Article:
I was sitting on a stoop in Glendale, California, because actually the cartoonist’s place I was staying in, one door down from the Holy Roller and right next to the underground senior couple, was fairly filthy, so I sat around in front a lot. C came by the stoop with her little Alaskan dog (I forget the brand name) every night about seven o’clock. N, the ex-spook right next door, was usually out too. He’d supposedly done shit work for the CIA with the cover of being a private chef. We were all in the bottom half of a beaten up, non-earthquake-proof building, at the end of our run.
This was the first little social group that welcomed me in my entire life. Lonely life. A Freak, as they say in the states, but definitely not a Super Freak or a modern savvy sideshow connoisseur. Quentin Crisp said to embrace what one can’t avoid, and I did get lucky in becoming a sort of consummate outsider. I get to hang out with people like my visionary cartoonist friend in Glendale, California, which is where I met C.
C has a greasy clump of short hair, huge breasts drooping under a housedress, and scuffs. She talks really really loud, which drives the Holy Roller next door crazy. C’s place was bad. She admitted this to me herself one day when we were hanging on the stoop.
“Maybe I can help,” I answered.
“No, it’s really bad,” she clarified. Now C became a challenge, a helper challenge, and I pressured her in a low-key way for days.
“Well, maybe one day you’ll let me see!” I kept saying
I’ve got an eight-year old girl and a spinster school marm that live in my vocal chords, and that’s just two of them. There’s a New Yorker, a Southerner, a Poor Person, a sing-song-don’t-be-scared-of-me-middle-class-voice-beggar-an-opportuner, a crooner, and, dare I brag, a blueser. In addition, though I am moderate in my habits, I often sound flat out drunk.
C did let me in one day, past the screen door.
The thing is to swallow your reaction, the first shock. When I was in the UK, a man at the local tube stop, face charred black from a fire, down to the skull, actually thought I was flirting with him. I was that good at suppressing a first reaction. Maybe I was just the only person who said hello as he haunted the train station. Expressing true shock is bad form. Fake shock is okay.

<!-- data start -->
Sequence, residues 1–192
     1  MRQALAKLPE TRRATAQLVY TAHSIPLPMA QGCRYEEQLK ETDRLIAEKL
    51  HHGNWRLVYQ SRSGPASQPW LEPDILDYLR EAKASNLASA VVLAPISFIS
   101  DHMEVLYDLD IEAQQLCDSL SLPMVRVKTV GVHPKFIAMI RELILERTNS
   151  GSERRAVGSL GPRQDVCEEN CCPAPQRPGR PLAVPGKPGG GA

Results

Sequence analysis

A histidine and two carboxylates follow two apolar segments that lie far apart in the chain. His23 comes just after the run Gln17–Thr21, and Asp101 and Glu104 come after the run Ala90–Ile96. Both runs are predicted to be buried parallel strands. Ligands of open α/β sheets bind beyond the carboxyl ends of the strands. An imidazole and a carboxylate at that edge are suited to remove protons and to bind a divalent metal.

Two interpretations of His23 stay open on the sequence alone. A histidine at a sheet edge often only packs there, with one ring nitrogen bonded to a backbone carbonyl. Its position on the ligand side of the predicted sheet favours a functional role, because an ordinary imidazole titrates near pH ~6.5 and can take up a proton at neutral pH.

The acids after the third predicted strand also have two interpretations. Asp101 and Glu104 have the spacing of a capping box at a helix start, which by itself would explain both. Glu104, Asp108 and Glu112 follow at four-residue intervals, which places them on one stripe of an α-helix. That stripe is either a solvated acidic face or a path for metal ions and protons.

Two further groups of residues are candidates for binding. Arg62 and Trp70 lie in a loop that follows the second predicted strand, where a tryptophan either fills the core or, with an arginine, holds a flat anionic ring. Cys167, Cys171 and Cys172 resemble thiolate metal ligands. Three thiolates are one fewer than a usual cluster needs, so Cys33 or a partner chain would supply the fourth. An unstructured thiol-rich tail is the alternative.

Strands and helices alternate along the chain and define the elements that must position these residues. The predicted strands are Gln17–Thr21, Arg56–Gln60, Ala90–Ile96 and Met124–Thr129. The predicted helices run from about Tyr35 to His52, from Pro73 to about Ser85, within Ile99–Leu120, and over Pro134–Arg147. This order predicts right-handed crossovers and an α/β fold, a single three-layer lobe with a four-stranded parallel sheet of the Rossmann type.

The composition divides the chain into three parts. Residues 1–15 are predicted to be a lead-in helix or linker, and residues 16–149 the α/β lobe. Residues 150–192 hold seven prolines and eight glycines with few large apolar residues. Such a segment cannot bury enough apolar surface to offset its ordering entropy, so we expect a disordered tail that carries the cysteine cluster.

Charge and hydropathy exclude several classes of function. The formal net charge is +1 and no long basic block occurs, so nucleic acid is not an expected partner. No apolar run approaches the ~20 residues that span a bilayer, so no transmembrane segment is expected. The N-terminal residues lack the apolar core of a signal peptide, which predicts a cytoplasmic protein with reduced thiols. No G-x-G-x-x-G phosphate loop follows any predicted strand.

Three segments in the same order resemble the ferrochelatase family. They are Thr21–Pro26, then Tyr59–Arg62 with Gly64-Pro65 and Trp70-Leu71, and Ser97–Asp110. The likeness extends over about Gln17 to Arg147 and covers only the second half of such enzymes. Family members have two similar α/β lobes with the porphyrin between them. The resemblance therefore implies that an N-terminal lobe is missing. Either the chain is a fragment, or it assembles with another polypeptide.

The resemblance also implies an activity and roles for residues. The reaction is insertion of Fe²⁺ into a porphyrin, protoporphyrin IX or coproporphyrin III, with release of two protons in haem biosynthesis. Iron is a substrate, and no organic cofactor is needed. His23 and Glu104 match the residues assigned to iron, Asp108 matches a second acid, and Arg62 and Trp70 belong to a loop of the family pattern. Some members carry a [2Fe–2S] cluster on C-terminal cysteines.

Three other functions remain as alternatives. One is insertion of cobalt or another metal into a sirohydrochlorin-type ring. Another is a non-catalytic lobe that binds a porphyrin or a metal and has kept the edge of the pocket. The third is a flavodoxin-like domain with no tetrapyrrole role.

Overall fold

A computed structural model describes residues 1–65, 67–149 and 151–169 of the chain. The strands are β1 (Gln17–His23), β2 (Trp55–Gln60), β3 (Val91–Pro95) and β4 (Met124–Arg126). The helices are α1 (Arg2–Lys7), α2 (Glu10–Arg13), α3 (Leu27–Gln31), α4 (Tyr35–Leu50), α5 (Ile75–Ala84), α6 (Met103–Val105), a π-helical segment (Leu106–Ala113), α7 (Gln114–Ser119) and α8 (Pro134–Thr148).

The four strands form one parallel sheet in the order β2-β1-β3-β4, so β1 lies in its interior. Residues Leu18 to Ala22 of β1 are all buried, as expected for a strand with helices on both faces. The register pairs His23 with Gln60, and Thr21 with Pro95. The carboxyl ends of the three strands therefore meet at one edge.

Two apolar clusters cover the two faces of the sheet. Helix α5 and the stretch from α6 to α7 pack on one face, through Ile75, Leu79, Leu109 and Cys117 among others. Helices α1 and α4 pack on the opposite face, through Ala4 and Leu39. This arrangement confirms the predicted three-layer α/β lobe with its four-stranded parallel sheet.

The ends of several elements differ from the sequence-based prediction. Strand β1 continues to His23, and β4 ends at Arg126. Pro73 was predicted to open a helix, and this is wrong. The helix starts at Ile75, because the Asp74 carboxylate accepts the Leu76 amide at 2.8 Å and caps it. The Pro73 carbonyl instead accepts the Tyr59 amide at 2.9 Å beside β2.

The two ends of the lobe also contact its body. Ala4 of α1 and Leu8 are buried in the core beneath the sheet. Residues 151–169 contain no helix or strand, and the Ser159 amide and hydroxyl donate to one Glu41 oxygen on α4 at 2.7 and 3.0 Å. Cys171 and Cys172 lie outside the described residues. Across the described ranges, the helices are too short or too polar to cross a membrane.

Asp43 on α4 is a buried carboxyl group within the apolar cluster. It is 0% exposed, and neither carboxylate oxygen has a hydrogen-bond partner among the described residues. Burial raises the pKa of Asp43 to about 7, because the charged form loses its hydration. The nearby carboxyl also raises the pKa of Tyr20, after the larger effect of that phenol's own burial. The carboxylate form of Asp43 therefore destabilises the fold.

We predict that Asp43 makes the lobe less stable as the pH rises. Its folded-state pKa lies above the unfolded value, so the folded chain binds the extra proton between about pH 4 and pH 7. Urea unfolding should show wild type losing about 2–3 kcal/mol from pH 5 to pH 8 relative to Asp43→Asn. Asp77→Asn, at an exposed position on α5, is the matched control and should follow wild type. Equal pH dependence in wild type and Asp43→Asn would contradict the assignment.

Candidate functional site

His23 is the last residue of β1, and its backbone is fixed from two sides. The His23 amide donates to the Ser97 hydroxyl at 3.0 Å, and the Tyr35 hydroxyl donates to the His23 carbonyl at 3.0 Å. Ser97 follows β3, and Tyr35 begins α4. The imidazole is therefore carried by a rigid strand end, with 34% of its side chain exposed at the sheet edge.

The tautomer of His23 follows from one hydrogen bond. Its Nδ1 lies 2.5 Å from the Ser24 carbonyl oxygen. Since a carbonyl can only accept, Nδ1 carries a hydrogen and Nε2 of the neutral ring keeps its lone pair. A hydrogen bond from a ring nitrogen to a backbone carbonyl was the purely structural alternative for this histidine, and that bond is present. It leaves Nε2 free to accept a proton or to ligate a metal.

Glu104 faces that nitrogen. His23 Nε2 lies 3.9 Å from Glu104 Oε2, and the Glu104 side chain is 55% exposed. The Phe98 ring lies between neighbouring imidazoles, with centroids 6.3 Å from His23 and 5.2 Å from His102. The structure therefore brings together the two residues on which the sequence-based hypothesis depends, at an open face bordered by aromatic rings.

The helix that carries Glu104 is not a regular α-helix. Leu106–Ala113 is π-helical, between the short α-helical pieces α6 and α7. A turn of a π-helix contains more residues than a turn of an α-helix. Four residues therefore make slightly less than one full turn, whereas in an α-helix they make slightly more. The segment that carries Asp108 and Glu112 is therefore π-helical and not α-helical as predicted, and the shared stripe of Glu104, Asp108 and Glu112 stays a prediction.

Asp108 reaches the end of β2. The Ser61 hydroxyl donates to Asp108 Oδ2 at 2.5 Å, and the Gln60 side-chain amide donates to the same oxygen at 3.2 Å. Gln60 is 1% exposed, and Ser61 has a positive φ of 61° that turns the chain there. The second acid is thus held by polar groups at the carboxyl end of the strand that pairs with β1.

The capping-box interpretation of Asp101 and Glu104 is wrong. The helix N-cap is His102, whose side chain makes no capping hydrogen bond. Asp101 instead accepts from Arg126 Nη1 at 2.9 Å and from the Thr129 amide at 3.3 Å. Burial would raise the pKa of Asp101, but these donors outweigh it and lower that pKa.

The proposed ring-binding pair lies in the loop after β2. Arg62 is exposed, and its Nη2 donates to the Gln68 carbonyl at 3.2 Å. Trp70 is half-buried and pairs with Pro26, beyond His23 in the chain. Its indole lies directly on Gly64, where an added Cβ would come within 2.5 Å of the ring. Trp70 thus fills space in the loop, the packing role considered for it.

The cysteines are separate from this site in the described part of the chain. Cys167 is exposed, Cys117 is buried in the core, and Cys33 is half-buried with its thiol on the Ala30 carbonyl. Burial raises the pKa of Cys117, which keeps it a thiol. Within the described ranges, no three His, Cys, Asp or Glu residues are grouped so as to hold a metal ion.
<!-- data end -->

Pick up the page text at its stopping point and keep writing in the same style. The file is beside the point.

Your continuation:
Well I certainly know about the lonely life, and some of what hoarders do is block themselves off from the world, no company, no visitors, and it’s not unusual for rescuers, neighbors, landlords, and fed up relatives to have to search a domicile for hours to locate a seldom-seen-in-life human body, sometimes with a cat carcass or two thrown in there with the newspapers and tinsel. I read the tabloids, and have lived in the South — I knew I was looking at a not-uncommon tragedy, having grown up in one myself, what with a sociopath father, British hoarder grandmother, and their constant battle over the semiotics of everyday objects, with him wanting to go back to the Bering-Gould ancestral home and her wanting the glam of the ninety-nine cent store on 14th Street.
C has empty boxes, bubble wrap, and ad hoc mobiles of shiny things placed non-strategically on every remotely high surface. She’s got fake parrots and one wall lined with punishment-color file cabinets, a white vinyl couch with no room to actually sit on in the living room area, and hundreds of pill prescription bottles that represent an imagined and hoped for meeting with a perfect doctor who will want to know every single detail of her prescriptionary past.
Hobbies they will take up one day are a big hoarder trait. Some of C’s interests and potential hobbies are: owning a parrot, returning to the working world by consulting ten-year-old newspaper classified ads, and maybe even using the five printers or several computer keyboard templates dating back from 1987. She also wanted to revise and sell a script the late soft-core pornographer Russ Meyer once expressed an interest in.